Bikram Yoga

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Bikram Yoga is a system of yoga that Bikram Choudhury synthesized from traditional hatha yoga techniques.[1] It became popular in the early 1970s.[2] All Bikram Yoga Beginning Series classes run for 90 minutes and consist of the same series of 26 postures, including two breathing exercises.[3] Bikram Yoga is a hot yoga style, and is ideally practiced in a room heated to 35–42 °C (95–108 °F) with a humidity of 40%.[4] All official Bikram classes are taught by Bikram-certified teachers, who have completed nine weeks of training endorsed by Choudhury.[5] Bikram-certified teachers are taught a standardized dialogue to run the class, but are encouraged to develop their teaching skills the longer they teach. This results in varying deliveries and distinct teaching styles.[4]

Bikram Choudhury leading a class, for Bikram yoga, at the L.A. Convention Center in 2003.[6]


  • 1 History
  • 2 Health effects
  • 3 Controversy
    • 3.1 Competition
    • 3.2 Copyright claims on Bikram Yoga
    • 3.3 Sexual assault
  • 4 The 26 Asanas (postures)
  • 5 References


Bikram Choudhury, founder of the Bikram Yoga system, is also the founder of the Yoga College of India. Born in Calcutta in 1944, Choudhury began practicing yoga at age four. He stated that he practiced yoga 4–6 hours every day. At the age of thirteen, he asserts that he won the National India Yoga Championship and was undefeated for the following three years and retired as the undisputed All-India National Yoga Champion.

Choudhury later devised the 26 postures sequence and founded Bikram’s Yoga College of India. He has also written books and sings.[8]

As of 2006, he had 1,650 yoga studios around the world.[9] In 2012, there were 330 studios in the United States and 600 worldwide.[10]

Health effects[edit]

A 2013 review of adverse effects from yoga found that Pranayama and Bikram were the most commonly cited styles, and found harm arising mostly in instructors who practiced intensely over a long period of time and who used advanced positions like handstands; in Bikram most of the adverse events arose from the heat and included low salt levels due to excessive water drinking and sweating.[11]



One controversial component of Bikram Yoga pertains to the prevalence of Yoga Asana Championships, regionally and nationally. While practitioners of other forms of yoga maintain that competition contradicts the idea of peace and unity, Choudhury contends, “Competition is the foundation for all democratic societies. For without ‘Competition’, there is no democracy.”[12][citation needed]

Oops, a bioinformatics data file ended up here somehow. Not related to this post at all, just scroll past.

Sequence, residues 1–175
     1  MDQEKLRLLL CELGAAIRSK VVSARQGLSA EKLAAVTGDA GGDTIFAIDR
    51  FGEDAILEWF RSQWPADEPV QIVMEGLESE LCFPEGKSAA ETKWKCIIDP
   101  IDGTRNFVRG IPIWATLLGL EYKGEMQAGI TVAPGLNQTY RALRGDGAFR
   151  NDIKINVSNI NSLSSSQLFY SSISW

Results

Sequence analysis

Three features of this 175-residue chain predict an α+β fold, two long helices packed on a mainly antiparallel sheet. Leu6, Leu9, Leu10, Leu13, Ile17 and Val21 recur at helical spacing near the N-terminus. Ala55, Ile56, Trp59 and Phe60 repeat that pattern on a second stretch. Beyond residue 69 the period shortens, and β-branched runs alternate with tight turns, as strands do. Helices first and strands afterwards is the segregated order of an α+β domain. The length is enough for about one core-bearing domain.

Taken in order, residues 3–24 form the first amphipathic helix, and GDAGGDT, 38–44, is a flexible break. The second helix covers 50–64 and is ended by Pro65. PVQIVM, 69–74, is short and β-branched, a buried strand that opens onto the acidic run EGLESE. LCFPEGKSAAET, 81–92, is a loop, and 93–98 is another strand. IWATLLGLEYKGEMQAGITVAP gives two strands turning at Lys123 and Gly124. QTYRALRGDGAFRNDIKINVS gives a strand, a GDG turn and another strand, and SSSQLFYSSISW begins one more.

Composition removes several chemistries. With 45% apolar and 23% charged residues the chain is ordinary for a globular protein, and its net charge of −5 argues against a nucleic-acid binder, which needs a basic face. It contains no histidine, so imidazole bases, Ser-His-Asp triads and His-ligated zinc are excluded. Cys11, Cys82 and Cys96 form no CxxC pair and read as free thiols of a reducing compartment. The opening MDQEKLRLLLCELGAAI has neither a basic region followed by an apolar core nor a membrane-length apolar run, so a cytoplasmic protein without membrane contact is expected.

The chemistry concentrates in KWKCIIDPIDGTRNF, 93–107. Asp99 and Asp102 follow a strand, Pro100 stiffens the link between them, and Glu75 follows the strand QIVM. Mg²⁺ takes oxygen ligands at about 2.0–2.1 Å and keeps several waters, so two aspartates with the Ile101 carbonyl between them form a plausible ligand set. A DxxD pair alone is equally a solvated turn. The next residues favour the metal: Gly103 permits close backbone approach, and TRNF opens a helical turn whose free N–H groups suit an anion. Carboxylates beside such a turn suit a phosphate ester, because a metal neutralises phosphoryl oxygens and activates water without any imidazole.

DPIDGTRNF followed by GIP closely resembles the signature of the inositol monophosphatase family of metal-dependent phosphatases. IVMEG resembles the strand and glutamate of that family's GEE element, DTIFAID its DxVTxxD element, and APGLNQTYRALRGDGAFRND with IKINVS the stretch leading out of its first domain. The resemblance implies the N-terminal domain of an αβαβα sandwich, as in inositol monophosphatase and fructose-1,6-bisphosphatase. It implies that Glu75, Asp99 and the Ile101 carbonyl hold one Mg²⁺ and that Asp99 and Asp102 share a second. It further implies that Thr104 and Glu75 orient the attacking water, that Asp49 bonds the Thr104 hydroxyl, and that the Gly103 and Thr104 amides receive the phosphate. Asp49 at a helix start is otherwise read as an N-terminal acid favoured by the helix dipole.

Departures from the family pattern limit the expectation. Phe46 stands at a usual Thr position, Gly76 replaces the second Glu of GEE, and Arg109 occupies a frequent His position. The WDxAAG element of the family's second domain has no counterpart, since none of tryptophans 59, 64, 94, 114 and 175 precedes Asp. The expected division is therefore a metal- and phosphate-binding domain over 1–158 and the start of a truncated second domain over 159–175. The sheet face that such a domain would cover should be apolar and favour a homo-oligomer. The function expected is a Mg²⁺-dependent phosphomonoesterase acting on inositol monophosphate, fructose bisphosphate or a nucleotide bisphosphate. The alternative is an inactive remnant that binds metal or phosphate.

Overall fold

There are second-hand reports that yoga competitions have been around for over a century in India, where yoga originated.[13][citation needed] Yoga Sports Federation (founded by Bikrams ex-wife Rajashree Choudhury) which hosted The 9th Annual Bishnu Charan Ghosh Cup in June 2012 says that yoga competitions inspire both practicing yogis and newcomers to sharpen their skills. Another aim of the Federation is to turn Yoga Asana into a recognized Olympic sport.[14]

Copyright claims on Bikram Yoga[edit]

Main article: Copyright claims on Bikram Yoga

Choudhury has claimed that Bikram Yoga is under copyright and that it could not be taught or presented by anyone whom he had not authorized. Choudhury began making those claims in 2011. In 2011 Choudhury started a lawsuit against Yoga to the People, a competing yoga studio founded by a former student of Choudhury’s and with a location near one of the Bikram Yoga studios in New York, and later started another against the Florida-based Evolation Yoga. Choudhury lost at first instance in both cases and appealed the decision, but the Court of Appeal ultimately dismissed his copyright claim over yoga poses in Bikram Yoga.[15][16]

As a result of that lawsuit, the United States Copyright Office issued a clarification that yoga postures (asanas) could not be copyrighted in the way claimed by Choudhury, and that Yoga to the People and others could continue to freely teach these exercises.[17]

Sexual assault[edit]

Two lawsuits accusing Choudhury of rape were filed in May 2013, in which a Jane Doe alleges sexual battery, false imprisonment, discrimination, harassment, and other counts in addition to the rape allegation. It describes a cult-like atmosphere where Choudhury’s followers help him find young women to assault. “Other persons in defendant Bikram Choudhury’s inner circle, were aware of defendant Bikram Choudhury’s pattern and practice of causing, inducing or persuading young women to enroll in teacher training classes to become yoga instructors only so he can sexually assault and/or rape them,” the lawsuit claims.[18]